Is that a secret agenda in your pocket or are you just happy to C-10?

Are you folks following the Canadian tax credit censorship issue? Anyone looking for Harper’s secret agenda need look no further!

Bill C-10, an amendment to the income tax act which runs hundreds of pages long, has 13 words in it that give the government the right to cancel tax credits for film productions unless

“(b) public financial support of the production would not be contrary to public policy.”

In a Conservative majority situation, this could cut out films that depict violence, homosexuality, underage drinking, etc. Are the Conservatives really more interested in protecting Canadian morality than Canadian jobs?

The phrase itself recalls Hays-code puritanism; i.e. if a gay character gets married – fictionally! – that might be “contrary to public policy.” If a teenage drinker doesn’t die or go to jail before the end credits roll, perhaps this is contrary to public policy. Maybe even a bank heist would be “contrary to public policy?” (Here’s the parliamentary web page for the bill, with status updates and full text).

The man taking credit for the new rule is a Christian evangelical who also led a charge against gay marriage when that issue was on the table. Is this the guy writing legislation for Harper? Is this the kind of news Harper needs to secure his coveted majority?

You’ll notice the bill received ZERO (!) days of debate in the house of commons. Talk about sneaking one past us! What are the opposition parties for, again?

In the Senate, Conservative senator Marjorie Lebreton somewhat deviously announced the bill in the following ho-hum manner: “This bill proposes measures regarding the taxation of non-resident trusts and foreign investment entities. It also implements certain amendments to the Income Tax Act that are technical in nature and, for the most part, serve to accomplish a number of housekeeping objectives. Rather than getting into the technical details of Bill C-10, I would like to make a few general remarks about tax fairness…”

Insert Conservative rhetoric here.

The censorship of bill C-10 happens after the film has finished shooting – in other words, after the money has been spent, the producers could find themselves millions of dollars in debt, based on a political reading of their films by a closed-door panel of bureaucratic, Conservative appointees. Obviously, no investor would fund a film under such uncertain conditions. Producers’ only alternative would be to vet scripts politically at each stage of production – before shooting, during the edit, and then before release.

Let me squash the first argument that conservatives will throw up: “Your freedom of speech does NOT extend to the right to receive a cheque from the government.” This is wrong-headed for many reasons. First of all, if the government is handing out cheques, they CANNOT discriminate as to WHO gets money based on the prohibited categories in the Charter of Rights and Freedoms. I.e. religion, gender, race, ethnicity etc. So, if “promoting homosexuality” is a criteria to refuse tax credits, then of course, that WOULD be a Charter issue, and the government would get their arse handed to them in court.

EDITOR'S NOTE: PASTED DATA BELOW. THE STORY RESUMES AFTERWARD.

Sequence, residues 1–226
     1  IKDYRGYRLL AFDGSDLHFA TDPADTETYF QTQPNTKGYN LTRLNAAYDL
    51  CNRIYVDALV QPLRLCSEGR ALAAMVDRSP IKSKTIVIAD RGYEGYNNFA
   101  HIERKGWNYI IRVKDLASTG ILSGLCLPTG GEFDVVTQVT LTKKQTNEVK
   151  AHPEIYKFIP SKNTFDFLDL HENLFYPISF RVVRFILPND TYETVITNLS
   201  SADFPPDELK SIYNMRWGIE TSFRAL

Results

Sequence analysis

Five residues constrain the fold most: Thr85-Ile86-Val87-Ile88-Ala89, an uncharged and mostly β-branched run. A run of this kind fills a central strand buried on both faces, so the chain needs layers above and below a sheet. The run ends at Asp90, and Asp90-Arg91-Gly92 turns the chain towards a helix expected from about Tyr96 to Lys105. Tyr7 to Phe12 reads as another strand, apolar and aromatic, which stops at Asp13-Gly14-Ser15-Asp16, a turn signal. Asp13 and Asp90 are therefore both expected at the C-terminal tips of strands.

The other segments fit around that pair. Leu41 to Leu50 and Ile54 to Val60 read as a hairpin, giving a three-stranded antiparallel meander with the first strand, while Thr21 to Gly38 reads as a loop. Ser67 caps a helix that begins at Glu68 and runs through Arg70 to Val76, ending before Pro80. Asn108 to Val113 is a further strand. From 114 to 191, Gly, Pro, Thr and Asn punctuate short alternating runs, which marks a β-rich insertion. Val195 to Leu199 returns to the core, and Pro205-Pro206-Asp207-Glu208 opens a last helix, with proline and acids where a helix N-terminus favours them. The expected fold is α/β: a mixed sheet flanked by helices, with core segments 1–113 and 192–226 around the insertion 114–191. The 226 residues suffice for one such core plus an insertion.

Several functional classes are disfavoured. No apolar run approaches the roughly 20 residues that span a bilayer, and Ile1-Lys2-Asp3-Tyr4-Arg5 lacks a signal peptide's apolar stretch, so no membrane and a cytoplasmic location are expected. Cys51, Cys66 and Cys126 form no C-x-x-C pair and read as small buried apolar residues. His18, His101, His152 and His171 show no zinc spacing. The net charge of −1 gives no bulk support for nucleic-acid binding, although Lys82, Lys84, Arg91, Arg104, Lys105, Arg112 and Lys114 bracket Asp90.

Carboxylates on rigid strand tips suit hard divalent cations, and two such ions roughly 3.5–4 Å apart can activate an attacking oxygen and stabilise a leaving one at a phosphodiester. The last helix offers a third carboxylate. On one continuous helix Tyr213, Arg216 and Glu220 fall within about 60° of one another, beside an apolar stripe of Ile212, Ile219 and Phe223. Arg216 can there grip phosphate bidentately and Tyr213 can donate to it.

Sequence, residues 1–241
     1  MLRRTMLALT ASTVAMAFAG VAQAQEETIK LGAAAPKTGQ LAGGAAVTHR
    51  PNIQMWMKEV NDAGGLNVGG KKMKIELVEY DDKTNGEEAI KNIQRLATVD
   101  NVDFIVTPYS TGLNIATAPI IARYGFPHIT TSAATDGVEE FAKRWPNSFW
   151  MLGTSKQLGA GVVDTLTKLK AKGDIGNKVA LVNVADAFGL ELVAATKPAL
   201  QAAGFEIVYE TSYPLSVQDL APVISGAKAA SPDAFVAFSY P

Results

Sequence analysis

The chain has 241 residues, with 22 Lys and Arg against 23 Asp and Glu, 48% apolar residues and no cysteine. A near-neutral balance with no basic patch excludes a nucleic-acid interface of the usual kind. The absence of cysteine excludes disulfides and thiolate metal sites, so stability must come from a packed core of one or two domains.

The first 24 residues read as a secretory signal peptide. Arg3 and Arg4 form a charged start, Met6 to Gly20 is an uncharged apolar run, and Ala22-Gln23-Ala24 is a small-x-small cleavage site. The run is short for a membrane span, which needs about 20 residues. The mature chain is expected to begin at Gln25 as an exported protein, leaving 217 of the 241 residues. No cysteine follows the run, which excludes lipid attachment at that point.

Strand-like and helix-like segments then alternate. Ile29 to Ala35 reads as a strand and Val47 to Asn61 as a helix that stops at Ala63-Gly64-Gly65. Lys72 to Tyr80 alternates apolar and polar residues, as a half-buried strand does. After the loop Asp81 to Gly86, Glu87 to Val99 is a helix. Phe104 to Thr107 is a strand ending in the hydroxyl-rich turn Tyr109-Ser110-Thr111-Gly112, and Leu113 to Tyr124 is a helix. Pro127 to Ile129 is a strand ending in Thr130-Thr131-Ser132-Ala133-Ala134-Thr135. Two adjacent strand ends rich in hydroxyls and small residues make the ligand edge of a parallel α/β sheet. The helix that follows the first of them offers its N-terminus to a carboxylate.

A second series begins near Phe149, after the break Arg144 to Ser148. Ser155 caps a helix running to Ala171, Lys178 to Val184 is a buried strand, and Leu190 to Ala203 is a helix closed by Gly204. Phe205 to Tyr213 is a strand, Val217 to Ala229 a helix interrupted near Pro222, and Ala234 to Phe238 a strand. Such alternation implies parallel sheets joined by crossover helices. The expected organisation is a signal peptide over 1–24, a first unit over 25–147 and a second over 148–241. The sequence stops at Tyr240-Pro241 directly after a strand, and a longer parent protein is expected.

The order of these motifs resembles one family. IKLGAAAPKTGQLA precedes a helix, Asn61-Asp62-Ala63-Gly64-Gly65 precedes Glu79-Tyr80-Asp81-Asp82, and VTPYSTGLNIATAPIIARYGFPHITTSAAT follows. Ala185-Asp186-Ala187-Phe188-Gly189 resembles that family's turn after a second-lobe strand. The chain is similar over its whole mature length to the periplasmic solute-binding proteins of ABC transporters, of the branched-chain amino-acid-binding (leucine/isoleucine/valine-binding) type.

Think of it this way: imagine if a documentary producer was counting on Tax Credits to repay their production loan! Then, when the film is finished, some conservative flunky decides he doesn’t like their final product. Let’s say Nettie Wilde’s documentary Fix: The Story of an Addicted City, which promoted the debate about a safe-injection site, was considered “contrary to public policy.” What a great tool for the Conservatives to quash hot topics! And this isn’t a free-speech issue? Give me a break.

And to be absolutely clear – the rules apply ONLY, it seems, so Canadian productions. Foreign productions can be as immoral and debaucherous as they want – their tax credits will still flow like sweet wine.

Secondly, this is an industrial issue, as much as a censorship issue. Having some wonky priests declaring certain films immoral behind closed doors is not exactly a solid economic policy. Tax credits are rebates on Canadian labour used in the making of the film. It results in a net gain for the Canadian economy. Get it? It’s NOT a free cheque from the government. It’s a tax credit that stimulates local jobs.

So Conservatives want to RAISE taxes on film production? I thought they hated taxes! Especially corporate taxes!

If you want to pull the rug from under Canadian production companies, then by all means support this legislation.

Moreover, the proposed rules seem MUCH stricter than ratings board criteria; the reason is that ratings boards rate content scene by scene, whereas the new rules seem to be more theme-based, i.e. the film as a whole is judged and so slight edits after rating might not be enough to alter the outcome. For example, Atom Egoyan’s new film Where The Truth Lies has a threesome scene which earned him a killer nc-17 rating. If he wished, he could have removed the scene to lose the rating. But a film like Exotica might be unsalvagable, because the main character is a stripper dressed like a schoolgirl. Certainly schoolgirl strippers are “contrary to public policy!”

The little provision in C-10 was only discovered by the public on 2nd reading in the senate (and we wonder why Harper insists on ramming bills, like the Violent Crime Bill, through the senate without deliberation or committee work).

Hidden Harper agenda?

There’s a facebook group opposing the bill which got 12,000 members in the first weekend.

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